DRENGE, Electric Ballroom – Evening Standard, 22 April 2015

Ever obtuse, just as Drenge were shaping up to follow Royal Blood and become the next big hard rock duo, they went and got themselves a bassist. Joining Peak District brothers Eoin and Rory Loveless, Rob Graham has filled out a sound that has grown from murky grunge beginnings towards something more taut and focused and even, with the frenetic catchiness of We Can Do What We Want, acquired a pop heart.
Upping their game means they can move the conversation on from early notoriety to the excellence of this month’s second album, Undertow. The mainstream was alterted to their existence too early, in 2013, when they managed to remain politely on the right side of mortified after being praised, bizarrely, in MP Tom Watson’s resignation letter from the shadow cabinet.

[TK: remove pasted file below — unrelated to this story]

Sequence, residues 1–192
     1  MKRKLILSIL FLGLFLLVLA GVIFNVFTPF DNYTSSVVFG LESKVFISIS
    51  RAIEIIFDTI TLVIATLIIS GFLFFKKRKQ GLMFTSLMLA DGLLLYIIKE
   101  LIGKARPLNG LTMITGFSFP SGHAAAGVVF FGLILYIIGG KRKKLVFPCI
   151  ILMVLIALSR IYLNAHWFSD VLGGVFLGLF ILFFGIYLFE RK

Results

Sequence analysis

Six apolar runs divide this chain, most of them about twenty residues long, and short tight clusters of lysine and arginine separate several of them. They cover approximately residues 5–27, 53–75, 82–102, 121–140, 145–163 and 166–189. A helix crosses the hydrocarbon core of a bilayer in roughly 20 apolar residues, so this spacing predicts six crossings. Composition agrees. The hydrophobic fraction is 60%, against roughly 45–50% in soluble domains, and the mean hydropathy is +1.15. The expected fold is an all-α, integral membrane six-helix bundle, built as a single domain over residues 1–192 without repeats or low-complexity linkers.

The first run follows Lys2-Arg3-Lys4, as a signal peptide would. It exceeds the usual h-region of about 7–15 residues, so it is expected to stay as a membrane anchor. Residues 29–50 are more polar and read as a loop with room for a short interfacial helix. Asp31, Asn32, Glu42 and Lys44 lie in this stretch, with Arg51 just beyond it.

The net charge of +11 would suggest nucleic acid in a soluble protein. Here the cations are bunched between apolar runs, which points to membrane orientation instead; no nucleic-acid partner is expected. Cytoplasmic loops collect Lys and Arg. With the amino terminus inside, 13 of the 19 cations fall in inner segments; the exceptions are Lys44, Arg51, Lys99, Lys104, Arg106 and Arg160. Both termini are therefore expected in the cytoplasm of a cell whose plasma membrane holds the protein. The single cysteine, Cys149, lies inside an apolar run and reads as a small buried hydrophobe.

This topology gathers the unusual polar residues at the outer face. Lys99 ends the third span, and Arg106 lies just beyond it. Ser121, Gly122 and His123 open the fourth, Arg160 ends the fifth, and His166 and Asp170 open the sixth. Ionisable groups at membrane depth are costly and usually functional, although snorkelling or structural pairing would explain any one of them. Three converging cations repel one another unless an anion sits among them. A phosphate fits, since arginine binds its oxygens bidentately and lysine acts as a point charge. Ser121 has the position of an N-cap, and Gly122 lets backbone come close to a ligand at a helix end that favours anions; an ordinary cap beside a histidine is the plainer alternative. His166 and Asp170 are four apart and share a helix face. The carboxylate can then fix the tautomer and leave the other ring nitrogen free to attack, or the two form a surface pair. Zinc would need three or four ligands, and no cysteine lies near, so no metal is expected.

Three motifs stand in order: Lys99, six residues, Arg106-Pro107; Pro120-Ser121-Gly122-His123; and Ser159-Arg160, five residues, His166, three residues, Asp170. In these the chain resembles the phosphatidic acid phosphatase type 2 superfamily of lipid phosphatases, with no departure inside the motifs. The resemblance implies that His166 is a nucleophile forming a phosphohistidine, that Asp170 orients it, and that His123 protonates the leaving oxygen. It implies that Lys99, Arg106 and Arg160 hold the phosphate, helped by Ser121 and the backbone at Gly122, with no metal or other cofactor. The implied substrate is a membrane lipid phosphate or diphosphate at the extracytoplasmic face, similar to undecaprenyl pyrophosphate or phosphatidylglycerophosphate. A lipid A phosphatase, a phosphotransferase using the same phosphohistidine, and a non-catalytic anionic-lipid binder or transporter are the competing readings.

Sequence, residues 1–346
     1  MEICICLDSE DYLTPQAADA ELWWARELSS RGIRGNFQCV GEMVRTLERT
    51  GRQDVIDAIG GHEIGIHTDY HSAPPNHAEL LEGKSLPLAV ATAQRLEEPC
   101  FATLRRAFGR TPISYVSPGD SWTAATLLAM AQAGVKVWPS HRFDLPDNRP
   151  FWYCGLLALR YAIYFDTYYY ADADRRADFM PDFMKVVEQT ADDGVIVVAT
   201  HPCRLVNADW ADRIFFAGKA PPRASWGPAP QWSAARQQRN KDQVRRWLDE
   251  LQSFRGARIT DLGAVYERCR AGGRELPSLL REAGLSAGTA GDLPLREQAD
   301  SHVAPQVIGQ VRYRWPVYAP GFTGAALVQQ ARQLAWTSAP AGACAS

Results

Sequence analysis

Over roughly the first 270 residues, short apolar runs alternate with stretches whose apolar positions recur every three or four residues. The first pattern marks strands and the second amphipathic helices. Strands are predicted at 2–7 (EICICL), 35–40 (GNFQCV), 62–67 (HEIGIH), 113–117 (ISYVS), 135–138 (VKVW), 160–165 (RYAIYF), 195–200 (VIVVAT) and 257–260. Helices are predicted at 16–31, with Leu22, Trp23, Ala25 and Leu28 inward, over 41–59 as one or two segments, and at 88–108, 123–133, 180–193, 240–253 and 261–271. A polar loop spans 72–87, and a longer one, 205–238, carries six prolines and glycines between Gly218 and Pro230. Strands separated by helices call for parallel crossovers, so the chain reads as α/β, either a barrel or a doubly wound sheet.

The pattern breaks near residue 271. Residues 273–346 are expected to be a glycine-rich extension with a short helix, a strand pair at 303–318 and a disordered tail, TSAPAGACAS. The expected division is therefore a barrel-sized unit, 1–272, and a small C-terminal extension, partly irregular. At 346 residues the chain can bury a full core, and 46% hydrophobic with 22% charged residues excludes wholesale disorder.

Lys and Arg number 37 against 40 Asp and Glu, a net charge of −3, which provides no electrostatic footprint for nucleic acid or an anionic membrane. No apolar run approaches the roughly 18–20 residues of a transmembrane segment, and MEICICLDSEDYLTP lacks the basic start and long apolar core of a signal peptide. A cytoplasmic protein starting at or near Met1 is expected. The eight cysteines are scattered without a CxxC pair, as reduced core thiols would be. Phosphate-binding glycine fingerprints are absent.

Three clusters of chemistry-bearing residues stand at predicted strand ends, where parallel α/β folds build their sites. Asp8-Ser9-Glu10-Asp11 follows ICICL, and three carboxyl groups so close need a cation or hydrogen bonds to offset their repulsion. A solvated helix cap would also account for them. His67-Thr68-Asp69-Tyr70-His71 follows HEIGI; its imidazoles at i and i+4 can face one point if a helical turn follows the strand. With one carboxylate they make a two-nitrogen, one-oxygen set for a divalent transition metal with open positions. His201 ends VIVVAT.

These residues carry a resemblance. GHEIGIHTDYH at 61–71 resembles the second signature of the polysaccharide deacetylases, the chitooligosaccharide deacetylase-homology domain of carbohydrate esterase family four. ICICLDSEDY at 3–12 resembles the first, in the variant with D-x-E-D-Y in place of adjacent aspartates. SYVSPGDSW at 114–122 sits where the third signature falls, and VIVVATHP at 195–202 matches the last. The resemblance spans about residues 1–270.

With an election looming you might have expected multiple candidates to be gunning for the youth vote by being seen rocking out at this Labour-endorsed gig. Instead it was packed with giddy teenagers, damp-haired and shirtless, who gave off a palpable warmth in the cloakroom queue afterwards.
They didn’t find much charisma on stage, with singer Eoin staying fairly static and only speaking to say goodnight. His scream at the climax of Let’s Pretend lacked real fire, but his lyrics on newer songs Side by Side and Standing in the Cold were dense with menace.
Meanwhile, the three instruments on stage combined with rumbling power, basic elements delivered with a punch that could be felt internally. The Snake had all the lowdown meanness of its namesake and the appeal of this band, for MPs and civilians alike, became obvious.

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